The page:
Time changes everything. Part of the problem with defence procurement is the long lead time. To-day's equipment needs were planned during the Cold War and Northern Ireland era. By the time the NHS patient record system is implemented, if it is ever implemented, it may well be largely redundant as health trusts are increasingly building their own systems.
The 2012 London Olympics are allegedly overspent by £159 million on land acquisitions alone. Once big projects like this get underway, whole organizations are set-up to support them. Outsiders invest massively - so the pressure is to continue regardless of spiralling costs.
In business and particularly in government, many ill-judged decisions are ultimately driven by politics. It is easier not to rock the boat. US presidential advisor Arthur Schlesinger kept quiet about his reservations about invading Cuba in 1961 - a decision that led to the Bay of Pigs fiasco. He said afterwards that his feelings of guilt were tempered by the knowledge objection would have accomplished little except to become seen as a nuisance. Dean Rusk too had an interesting mantra for political survival in times of high uncertainty when he spoke of forever playing a mediocre hand rather than risk all for a better one.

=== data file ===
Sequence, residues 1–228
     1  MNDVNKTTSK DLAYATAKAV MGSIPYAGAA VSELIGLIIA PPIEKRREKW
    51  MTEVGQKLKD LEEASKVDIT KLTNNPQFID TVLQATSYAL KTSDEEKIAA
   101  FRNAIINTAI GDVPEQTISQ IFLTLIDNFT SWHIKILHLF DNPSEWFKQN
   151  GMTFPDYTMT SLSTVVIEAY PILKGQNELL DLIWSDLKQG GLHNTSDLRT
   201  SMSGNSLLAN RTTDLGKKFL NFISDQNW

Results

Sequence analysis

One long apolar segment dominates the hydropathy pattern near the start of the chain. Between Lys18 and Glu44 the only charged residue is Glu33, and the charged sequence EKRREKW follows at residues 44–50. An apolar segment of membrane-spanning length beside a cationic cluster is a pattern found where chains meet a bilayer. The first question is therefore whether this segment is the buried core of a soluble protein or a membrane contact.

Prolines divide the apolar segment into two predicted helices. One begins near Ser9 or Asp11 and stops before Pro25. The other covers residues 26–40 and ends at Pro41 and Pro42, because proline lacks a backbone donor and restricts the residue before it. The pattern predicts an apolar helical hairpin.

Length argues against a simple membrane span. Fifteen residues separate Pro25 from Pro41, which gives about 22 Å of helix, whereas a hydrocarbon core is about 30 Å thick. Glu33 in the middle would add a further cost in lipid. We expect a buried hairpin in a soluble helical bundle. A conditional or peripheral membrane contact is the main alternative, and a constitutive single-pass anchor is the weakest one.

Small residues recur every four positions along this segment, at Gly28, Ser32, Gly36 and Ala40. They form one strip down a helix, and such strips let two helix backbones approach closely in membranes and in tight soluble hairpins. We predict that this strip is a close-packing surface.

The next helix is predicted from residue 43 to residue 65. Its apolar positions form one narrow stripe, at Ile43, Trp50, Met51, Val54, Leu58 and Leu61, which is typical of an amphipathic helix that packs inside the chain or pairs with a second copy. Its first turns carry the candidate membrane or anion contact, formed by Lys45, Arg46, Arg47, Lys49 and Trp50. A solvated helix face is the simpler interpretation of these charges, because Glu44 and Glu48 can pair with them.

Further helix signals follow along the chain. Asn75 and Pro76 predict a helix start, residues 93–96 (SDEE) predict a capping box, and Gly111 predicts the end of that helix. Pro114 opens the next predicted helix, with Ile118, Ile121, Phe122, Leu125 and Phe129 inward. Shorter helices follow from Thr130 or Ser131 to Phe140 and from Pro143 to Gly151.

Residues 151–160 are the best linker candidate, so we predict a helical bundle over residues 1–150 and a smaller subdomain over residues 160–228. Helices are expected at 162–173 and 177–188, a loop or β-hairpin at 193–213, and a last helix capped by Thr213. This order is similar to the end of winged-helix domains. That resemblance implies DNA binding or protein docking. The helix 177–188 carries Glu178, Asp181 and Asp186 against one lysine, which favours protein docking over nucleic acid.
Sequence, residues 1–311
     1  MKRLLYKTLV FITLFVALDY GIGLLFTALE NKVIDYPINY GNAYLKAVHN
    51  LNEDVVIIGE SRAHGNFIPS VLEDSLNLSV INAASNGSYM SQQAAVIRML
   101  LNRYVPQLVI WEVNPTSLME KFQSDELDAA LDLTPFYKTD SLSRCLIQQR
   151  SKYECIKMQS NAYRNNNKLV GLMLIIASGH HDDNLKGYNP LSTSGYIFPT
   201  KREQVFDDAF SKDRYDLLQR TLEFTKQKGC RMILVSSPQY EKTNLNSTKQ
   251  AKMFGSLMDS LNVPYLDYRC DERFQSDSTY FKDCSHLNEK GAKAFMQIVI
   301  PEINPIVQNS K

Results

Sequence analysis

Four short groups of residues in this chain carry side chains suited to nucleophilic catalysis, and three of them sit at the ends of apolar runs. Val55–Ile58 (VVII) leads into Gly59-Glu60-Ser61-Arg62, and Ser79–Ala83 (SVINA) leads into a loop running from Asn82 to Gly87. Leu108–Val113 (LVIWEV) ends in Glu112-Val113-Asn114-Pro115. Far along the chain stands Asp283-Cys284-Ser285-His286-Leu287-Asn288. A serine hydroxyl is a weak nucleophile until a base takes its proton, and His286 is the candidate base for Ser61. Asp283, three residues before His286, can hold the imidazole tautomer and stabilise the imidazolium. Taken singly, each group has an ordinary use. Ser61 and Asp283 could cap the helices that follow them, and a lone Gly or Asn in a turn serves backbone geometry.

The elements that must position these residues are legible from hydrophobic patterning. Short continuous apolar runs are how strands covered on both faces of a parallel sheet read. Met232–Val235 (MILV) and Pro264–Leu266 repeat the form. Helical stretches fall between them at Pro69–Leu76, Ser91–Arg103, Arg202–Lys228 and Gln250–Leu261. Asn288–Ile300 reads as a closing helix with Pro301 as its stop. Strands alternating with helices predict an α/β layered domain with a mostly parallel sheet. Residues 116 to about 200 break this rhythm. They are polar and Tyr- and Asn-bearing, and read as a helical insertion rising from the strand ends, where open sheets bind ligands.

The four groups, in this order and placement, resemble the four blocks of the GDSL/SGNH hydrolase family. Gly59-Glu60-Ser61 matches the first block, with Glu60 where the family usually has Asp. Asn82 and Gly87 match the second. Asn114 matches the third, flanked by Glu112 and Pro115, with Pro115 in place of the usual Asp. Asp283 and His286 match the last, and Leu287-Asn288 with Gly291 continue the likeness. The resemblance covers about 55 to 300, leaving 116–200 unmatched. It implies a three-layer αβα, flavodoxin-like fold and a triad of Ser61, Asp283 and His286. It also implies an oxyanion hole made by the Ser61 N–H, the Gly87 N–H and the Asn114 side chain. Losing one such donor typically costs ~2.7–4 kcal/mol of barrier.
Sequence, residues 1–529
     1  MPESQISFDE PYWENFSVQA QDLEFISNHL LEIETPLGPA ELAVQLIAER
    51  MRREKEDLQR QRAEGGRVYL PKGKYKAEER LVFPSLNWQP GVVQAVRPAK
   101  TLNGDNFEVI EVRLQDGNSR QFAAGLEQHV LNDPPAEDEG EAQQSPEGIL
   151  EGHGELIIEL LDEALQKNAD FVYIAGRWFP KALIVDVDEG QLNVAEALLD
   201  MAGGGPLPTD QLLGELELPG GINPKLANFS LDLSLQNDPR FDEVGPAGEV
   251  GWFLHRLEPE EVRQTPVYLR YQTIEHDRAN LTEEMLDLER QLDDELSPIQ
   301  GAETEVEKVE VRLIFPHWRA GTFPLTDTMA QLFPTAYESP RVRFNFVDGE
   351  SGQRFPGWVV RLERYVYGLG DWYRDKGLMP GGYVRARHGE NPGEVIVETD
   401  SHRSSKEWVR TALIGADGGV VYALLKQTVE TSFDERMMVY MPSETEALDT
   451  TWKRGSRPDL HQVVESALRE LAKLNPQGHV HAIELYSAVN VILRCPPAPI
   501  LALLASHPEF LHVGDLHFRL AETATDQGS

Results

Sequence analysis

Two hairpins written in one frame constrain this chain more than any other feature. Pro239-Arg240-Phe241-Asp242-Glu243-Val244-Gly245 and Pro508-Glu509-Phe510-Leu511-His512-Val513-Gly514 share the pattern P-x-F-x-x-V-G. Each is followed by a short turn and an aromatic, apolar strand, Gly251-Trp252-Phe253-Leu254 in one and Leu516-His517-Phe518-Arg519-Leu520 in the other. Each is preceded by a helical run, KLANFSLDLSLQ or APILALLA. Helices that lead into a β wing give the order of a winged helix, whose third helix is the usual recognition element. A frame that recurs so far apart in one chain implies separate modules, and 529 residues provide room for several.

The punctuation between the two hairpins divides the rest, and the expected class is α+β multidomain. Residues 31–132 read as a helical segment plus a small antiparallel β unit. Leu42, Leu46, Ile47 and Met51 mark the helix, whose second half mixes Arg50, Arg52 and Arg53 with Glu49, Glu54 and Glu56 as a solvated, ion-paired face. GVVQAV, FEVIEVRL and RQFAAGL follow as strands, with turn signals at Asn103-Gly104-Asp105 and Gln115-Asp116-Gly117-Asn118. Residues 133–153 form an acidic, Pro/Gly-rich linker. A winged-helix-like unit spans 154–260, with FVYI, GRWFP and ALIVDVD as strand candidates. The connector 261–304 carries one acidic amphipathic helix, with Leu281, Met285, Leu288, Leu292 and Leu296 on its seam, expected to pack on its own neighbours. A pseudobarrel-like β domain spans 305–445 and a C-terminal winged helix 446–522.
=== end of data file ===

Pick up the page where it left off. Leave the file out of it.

The Rags of Time: Entrapment
There is another form of escalation known as entrapment. Entrapment is where 'lock-in' happens, not so much because of clear decisions to re-invest in a questionable course of action, but more as a result of the simple passage of time. To be more precise, time itself becomes an investment. For instance, the longer we wait for a bus to take us to the railway station, the less it makes sense to walk. Eventually we reach a point where, having waited for so long, our only hope of catching the train is to continue waiting for the bus.